The architecture of the Web depends on applications making dispatching and security decisions for resources based on their Internet Media Types and other MIME headers. In this finding, we review the architectural design choice that MIME headers be authoritative. We also examine why client behavior that misrepresents the user or server is harmful. Finally, we consider how specification authors should incorporate these points into their work.
This draft incorporates comments from Norm Walsh, Rob Lanphier, Tim Berners-Lee, Stuart Williams and discussion from the TAG's 7 July 2003 teleconference.
This document has been developed for discussion by the W3C Technical Architecture Group. This finding addresses issue contentTypeOverride-24 and partly addresses issue errorHandling-20. The TAG finding "Internet Media Type registration, consistency of use" also includes material related to this issue.
Publication of this finding does not imply endorsement by the W3C Membership. This is a draft document and may be updated, replaced or obsoleted by other documents at any time.
Additional TAG findings, both approved and in draft state, may also be available. The TAG expects to incorporate this and other findings into a Web Architecture Document that will be published according to the process of the W3C Recommendation Track.
The terms MUST, SHOULD, and SHOULD NOT are used in this document in accordance with [RFC2119].
1 Summary of Key Points
3 Why MIME headers are authoritative
3.1 Self-describing data
4 Why user agent behavior that misrepresents the user is harmful
4.1 Client handling of inconsistencies
5 Hints in specifications
6 Handling misconfigured servers
8 Future Work
The following are the key architectural points of this finding:
Section 2 presents scenarios where these principles/points have been ignored and poses the question of what has been ignored and by whom. Section 3 discusses the motivation for a Web architecture where MIME headers are authoritative. Section 4 examines the potential harm caused by user agents that misrepresent the user or silently disregard authoritative headers. Section 5 discusses the interaction between metadata hints in format specifications and protocol headers. Section 6 suggests ways in which server management can alleviate some header/content inconsistencies.
Scenario 1: Stuart runs his own Web server at
http://www.example.org/. He creates an HTML page and
means to serve it as
misconfigures the server so that the content is served via HTTP/1.1
text/plain rather than as
browser looks inside the page, detects some markup that suggests that
this is an HTML document (e.g., a
<title> element), and quietly
renders it according to the HTML specification rather than as plain
text. Janet's browser displays the content as plain text.
Which party has neglected a principle of Web architecture: Stuart for the server misconfiguration, Tim's browser for silently overriding the server's headers, or Janet's browser for not detecting that the content looked like HTML?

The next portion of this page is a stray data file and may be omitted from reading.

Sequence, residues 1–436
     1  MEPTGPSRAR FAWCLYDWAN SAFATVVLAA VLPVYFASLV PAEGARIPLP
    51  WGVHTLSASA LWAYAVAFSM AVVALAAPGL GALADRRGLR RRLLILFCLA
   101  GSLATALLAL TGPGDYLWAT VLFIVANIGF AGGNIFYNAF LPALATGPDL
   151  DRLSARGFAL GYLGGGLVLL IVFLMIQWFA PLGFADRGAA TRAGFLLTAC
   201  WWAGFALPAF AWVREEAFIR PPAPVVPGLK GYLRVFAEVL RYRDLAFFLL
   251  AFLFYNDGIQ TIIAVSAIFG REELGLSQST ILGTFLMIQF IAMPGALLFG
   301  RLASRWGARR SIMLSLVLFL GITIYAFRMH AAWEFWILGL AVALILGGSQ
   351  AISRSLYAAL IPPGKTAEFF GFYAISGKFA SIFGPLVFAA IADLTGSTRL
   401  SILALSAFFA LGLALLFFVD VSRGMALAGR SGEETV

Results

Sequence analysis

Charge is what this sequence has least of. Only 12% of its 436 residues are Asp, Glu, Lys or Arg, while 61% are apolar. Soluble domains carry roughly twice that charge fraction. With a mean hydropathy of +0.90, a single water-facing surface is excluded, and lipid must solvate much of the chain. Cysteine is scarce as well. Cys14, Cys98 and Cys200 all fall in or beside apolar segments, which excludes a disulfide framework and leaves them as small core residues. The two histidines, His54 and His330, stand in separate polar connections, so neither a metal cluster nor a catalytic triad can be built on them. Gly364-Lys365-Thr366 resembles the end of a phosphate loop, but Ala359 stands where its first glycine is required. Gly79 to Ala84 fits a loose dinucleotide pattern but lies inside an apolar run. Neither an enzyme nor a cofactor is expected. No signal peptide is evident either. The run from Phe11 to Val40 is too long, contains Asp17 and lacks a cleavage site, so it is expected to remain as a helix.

Answer 1: By silently overriding authoritative headers, Tim's browser did not respect Web architecture principles that promote shared understanding.
Scenario 2: Norm publishes an XHTML document that includes:
<link href="cool-style" type="text/css" rel="stylesheet"/>
Norm's "cool-style" is an XSLT style sheet, but Norm has set
text/css. Stuart has configured the
server so that "cool-style" is served via HTTP/1.1 as
application/xslt+xml. With a user agent that understands
XSLT but not CSS, Janet requests the content that includes this
link element. As it loads the page, Janet's user agent
type hint and does not fetch "cool-style."
Which party is responsible for the fact that Janet did not receive
content she should have: Stuart for the server configuration, Norm for
stating that the "cool-style" sheet is served as
when in fact it's served with a different content type, or Janet's
user agent for not double-checking the content type with the
Answer 2: Though not a violation of principles of Web architecture, Norm's mislabeling of content deprived Janet of content she should have received.
In the sections below, we explore these answers in more detail.
Successful communication between two parties about a piece of information relies on shared understanding of the meaning of the information. On the Web, thousands of independent parties can identify and communicate about a Web resource. To give these parties the confidence that they are all talking about the same thing when they refer to "the resource identified by the following URI ..." the design choice for the Web is, in general, that the owner of a resource assigns the authoritative interpretation of its representations. In terms of Web architecture, the authoritative interpretation of representations is communicated as follows: